Matthew Polly in `Bruce Lee: A Life’ (Simon and Schuster, London and New York, 2018) says that the actor and martial arts master was the first figure who truly brought the culture and thinking of the Chinese world into the lives of Americans, Europeans and others. I can testify that this is true. In the early 1970s, when I was just coming to consciousness generally, Bruce Lee was there – on the television, in magazines, in cartoons. At the same time, however, he was also, tragically, already gone. He had died, I knew, in Hong Kong in late 1973. I had thought this was through some terrible accident during one of the epic fights in one of this films. Of course, that wasn’t the case. But the myth was reaching me, even without looking for it, in provincial Kent around the period immediately after his death.
Polly is a martial arts enthusiast, and he writes lovingly about the unique form of combat that Lee created, and the foundations of this on a philosophical view – use of inactivity and control, like, as Lee himself famously said, water – moulding itself, giving way where it has to, but accumulating massive reserves of strength till finally, it can overthrow whatever stands in its way.
Lee died at the age of 32. The complex circumstances of his death are examined in some detail in this book. The problem was his being with his mistress at the time, rather than with his American wife Linda, and the somewhat confused attempts by her, and others, to try to conceal this. Claims that he had suffered a kind of drugs overdose were soon undermined by the fact that the drug he did use, cannabis, was not one that could be overdosed on, and the fact that in any case his symptoms were closer to suffering from heat stroke. This is the reason that Polly settles on. No doubt though, the conspiracy theorists will continue with their own fancies.
Lee was truly an icon, and if today we look at the critical need to educate and create understanding about the Chinese world and its deep, rich culture and thinking as it becomes increasingly significant in our lives, then without what he achieved in his short life we would be in an even worse position than we already are. He made Asia familiar to vast numbers of people who knew little, or nothing of it, before his work. He also overcame tremendous prejudice, showing in his slender but immensely influential oeuvre of film works that a person of Chinese heritage could be the equal, and in many ways, the superior, of others who came into conflict with them. Lee was courageously insistent in his films, when he had the ability to do so later in his career, that he would always be portrayed as the winner – and that the old stereotypes of oriental femininity, weakness, and lack of confidence would be put to rest.
Not that he carried an easy identity in Hong Kong. Hong Kong identity has been done to death by theorists, sociologists, and anthropologists, so it is amusing that Polly manages through the story of Lee to say more about the curious edginess and vulnerability of the city’s feeling about itself than most of this work put together. It was, as Polly explains, almost like a refugee camp for much of its early colonial history, with a British leadership who were largely remote and unengaged with the social and cultural life of the place, focussed as they were on maintaining the commercial prowess of the port and the finance centre they were building there. This makes the new-found zealous desire, almost a quarter of a century after the end of the colonial period by some in Britain to defend freedoms in Hong Kong they themselves never promoted except towards the very end, even more curious. What is clear in this account is that before Lee, Hong Kong was often stuck in defining itself by what it was not – in particular, not Mainland China, nor Britain. Caught like the filling in a sandwich between these two great forces, Lee’s hybridity captured well the city’s complexity – a person of Han Chinese ethnicity, yet whose great grandfather had been Dutch-Jewish, and who had spent most of his life in the US.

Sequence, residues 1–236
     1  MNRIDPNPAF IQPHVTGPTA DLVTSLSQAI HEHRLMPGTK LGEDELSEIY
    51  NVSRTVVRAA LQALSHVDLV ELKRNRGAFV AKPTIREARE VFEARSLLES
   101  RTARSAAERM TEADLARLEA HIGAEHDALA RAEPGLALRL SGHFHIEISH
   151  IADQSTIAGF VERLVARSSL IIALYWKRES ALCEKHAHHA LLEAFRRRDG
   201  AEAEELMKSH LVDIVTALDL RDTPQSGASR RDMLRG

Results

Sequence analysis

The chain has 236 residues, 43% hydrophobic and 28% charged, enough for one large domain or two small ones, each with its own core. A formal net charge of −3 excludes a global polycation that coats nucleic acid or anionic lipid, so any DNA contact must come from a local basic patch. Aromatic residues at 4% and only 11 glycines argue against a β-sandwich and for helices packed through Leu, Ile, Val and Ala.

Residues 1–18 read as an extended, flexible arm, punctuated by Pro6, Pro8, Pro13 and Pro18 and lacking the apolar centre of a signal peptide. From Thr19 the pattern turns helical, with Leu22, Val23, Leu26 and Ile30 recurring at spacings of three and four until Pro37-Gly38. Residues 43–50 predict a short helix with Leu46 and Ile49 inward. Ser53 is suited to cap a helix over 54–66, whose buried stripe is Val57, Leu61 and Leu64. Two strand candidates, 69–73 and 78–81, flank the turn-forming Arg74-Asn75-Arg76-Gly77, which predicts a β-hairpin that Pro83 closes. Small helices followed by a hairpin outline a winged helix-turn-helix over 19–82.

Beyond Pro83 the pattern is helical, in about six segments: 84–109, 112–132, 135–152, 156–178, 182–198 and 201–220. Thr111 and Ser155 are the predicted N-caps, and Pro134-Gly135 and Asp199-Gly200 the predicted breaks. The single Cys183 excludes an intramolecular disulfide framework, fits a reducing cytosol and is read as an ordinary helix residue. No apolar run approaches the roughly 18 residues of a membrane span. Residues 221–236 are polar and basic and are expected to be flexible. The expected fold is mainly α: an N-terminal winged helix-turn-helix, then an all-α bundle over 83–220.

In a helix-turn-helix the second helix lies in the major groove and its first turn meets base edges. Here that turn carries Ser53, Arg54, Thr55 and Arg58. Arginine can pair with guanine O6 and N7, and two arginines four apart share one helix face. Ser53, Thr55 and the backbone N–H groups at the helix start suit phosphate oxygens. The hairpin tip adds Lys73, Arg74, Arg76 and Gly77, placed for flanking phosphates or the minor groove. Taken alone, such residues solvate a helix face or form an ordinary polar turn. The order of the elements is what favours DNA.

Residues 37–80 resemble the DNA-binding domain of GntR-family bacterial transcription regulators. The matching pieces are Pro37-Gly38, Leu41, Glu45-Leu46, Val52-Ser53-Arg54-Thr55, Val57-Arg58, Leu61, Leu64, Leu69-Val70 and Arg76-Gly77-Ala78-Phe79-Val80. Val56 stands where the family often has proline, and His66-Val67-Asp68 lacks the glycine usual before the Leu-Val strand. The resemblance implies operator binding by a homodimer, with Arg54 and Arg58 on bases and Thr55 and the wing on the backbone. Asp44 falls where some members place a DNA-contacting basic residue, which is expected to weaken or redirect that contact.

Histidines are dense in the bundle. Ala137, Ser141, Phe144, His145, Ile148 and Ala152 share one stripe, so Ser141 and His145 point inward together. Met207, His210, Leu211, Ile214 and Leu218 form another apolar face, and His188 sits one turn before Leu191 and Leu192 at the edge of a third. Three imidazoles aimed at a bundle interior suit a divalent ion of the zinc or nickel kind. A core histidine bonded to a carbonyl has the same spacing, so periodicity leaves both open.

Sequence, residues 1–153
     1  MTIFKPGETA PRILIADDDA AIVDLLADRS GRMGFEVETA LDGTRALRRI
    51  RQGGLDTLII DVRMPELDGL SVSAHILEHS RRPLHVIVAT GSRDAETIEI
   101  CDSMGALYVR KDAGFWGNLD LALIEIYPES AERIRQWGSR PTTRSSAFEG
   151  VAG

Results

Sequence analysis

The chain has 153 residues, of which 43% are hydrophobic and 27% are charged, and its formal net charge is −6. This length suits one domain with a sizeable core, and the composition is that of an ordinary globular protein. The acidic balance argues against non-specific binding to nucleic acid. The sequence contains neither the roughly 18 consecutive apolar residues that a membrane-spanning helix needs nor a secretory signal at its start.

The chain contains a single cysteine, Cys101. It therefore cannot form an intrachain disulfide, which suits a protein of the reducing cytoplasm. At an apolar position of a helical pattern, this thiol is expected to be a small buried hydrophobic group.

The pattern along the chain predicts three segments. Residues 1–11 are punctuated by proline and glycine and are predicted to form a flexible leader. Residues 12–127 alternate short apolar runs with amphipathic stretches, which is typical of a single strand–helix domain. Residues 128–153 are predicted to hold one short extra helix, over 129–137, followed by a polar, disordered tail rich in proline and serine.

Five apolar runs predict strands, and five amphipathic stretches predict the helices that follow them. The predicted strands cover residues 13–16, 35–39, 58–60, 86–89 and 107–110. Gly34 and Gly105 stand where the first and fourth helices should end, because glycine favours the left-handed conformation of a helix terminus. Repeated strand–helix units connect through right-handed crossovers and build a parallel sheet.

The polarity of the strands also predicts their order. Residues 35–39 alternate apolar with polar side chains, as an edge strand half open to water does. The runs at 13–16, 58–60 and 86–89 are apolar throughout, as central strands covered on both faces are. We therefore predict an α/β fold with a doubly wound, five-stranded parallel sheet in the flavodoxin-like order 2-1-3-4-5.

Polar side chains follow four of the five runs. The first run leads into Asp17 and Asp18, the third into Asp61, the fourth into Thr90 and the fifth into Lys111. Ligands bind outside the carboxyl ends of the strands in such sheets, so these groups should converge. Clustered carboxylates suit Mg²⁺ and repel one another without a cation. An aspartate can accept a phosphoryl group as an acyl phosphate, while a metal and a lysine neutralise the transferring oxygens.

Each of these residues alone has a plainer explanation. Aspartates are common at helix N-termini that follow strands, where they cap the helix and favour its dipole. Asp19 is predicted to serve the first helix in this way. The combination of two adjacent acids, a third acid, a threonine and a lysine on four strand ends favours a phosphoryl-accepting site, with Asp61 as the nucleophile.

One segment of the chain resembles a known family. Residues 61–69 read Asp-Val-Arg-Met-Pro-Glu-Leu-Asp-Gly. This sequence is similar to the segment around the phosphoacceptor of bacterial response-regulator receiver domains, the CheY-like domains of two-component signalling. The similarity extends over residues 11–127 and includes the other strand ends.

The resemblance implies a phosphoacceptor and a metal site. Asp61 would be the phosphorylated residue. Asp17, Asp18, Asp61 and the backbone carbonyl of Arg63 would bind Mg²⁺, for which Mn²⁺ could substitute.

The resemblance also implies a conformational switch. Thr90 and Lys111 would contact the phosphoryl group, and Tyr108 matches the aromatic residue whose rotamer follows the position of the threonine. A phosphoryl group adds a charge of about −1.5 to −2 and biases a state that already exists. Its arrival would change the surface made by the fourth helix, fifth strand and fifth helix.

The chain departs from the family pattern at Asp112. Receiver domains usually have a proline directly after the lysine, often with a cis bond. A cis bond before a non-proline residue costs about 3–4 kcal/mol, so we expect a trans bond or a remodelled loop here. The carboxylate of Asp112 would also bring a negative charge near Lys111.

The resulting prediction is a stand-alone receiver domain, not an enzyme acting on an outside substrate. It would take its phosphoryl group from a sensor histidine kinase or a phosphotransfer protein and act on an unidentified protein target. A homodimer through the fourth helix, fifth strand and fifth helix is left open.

This placelessness that Lee had coming from his family background and his own life path meant the media during this life in the city, after an initial period of adulation, were keen to pick him apart – his aggression, his assertiveness, and, bizarrely, even his ability to grow a thick beard, as he did briefly in the 1970s. All of this was taken as proof that he was not quite the real thing. Lee himself however articulate admirably a desire for unity – for a global spirit on oneness, and for being tolerant of others. His uneasy place in the local consciousness meant that it was not until the 2000s that a statue of him was properly unveiled in the city. Before then, his mark there had been as good as invisible. It is odd there is not a proper Bruce Lee museum, commemorating his achievements, or more made of him in the city’s branding of itself. He is, as Polly states, one of the modern world’s great cultural icons, even now – and one of the very, very few one could place beside the very different alternative – the face of Mao Zedong.